Immunohistochemical analysis of p53 mutations in bronchioalveolar carcinoma and conventional pulmonary adenocarcinoma

X. Wang, M. Sambasiva Rao, A. V. Yeldandi

Research output: Contribution to journalArticle

Abstract

Mutations of p53 tumor suppressor gene have been shown to contribute to tumorigenesis in a variety of human cancers. Normally, p53 protein degrades rapidly and is not detected by immunohistochemical procedure, but mutant p53 and wild-type p53 stabilized by certain viral oncoproteins can accumulate to immunohistochemically demonstrable levels. Conventional pulmonary adenocarcinomas and bronchioalveolar carcinomas, although morphologically similar, exhibit different biological behavior and clinical prognosis. To explore the differences in the expression of p53 protein in these two tumor types, we performed immunohistochemistry on 10 conventional pulmonary adenocarcinomas and 12 bronchioalveolar carcinomas on formalin-fixed and paraffin-embedded material, using the commercially available monoclonal antibody against the mutant p53 protein. Intense nuclear staining was observed in 80% (8/10) of conventional pulmonary adenocarcinomas, whereas all 12 bronchioalveolar carcinomas were negative for p53 protein. These observations indicate that altered p53 protein (probably mutant) is overexpressed in conventional adenocarcinomas and may be involved in its tumorigenesis or progression. On the other hand, the lack of p53 expression in bronchioalveolar carcinomas suggests that an alternative pathway is likely to be responsible for its tumorigenesis. Furthermore, p53 protein immunostaining may be useful as an adjunct in differentiating conventional pulmonary adenocarcinomas from bronchioalveolar carcinomas.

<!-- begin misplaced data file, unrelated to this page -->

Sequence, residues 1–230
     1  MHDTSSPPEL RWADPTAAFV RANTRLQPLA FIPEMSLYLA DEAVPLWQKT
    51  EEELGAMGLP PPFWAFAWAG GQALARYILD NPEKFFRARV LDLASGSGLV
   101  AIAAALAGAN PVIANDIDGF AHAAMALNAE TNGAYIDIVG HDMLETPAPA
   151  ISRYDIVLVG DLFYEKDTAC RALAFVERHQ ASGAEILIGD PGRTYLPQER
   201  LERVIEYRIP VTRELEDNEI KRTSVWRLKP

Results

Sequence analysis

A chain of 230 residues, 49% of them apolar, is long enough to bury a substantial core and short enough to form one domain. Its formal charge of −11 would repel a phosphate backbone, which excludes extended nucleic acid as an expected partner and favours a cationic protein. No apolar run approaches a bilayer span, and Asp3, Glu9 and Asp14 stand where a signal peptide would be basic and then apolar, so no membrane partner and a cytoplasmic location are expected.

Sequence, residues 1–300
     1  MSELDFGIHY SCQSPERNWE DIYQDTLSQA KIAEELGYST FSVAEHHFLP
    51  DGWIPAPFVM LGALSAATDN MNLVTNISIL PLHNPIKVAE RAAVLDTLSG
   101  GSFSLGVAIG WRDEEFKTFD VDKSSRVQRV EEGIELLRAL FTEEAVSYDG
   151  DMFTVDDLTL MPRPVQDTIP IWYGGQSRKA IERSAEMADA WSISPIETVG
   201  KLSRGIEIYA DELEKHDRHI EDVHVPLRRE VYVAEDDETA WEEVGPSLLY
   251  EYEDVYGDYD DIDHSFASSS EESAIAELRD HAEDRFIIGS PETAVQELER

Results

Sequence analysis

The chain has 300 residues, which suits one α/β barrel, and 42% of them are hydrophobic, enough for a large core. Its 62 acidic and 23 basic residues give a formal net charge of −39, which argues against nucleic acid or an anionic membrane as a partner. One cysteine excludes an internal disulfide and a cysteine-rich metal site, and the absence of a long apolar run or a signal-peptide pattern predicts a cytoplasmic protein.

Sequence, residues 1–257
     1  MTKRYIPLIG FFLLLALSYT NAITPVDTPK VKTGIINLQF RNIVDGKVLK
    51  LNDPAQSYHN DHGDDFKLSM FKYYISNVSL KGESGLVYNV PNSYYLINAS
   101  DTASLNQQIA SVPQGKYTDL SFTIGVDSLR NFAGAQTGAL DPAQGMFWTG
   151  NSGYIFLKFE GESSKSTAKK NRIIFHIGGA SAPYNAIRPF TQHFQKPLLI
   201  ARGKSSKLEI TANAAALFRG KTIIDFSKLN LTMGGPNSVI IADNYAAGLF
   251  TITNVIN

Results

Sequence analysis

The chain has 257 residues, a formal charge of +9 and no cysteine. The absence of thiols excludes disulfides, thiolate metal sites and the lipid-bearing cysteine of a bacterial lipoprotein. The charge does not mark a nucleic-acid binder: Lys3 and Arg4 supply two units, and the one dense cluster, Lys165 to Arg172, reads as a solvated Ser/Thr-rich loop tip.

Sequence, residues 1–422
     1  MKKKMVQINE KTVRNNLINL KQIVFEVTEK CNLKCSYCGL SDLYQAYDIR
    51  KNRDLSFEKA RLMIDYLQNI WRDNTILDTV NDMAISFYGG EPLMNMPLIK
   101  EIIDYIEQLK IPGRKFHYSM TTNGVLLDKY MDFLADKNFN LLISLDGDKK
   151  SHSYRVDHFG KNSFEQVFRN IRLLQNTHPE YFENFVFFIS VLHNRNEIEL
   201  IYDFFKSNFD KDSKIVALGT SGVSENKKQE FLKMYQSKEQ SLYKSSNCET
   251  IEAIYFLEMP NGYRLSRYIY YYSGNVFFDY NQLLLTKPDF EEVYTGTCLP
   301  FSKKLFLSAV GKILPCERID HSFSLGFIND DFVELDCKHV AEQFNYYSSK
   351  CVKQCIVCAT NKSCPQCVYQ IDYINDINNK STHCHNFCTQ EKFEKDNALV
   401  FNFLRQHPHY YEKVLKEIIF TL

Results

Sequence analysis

Original languageEnglish (US)
Pages (from-to)919-923
Number of pages5
JournalModern Pathology
Volume8
Issue number9
StatePublished - Dec 1 1995
Externally publishedYes

Keywords

  • bronchioalveolar carcinoma
  • conventional pulmonary adenocarcinoma
  • immunohistochemistry
  • p53 tumor suppressor gene

ASJC Scopus subject areas

  • Pathology and Forensic Medicine

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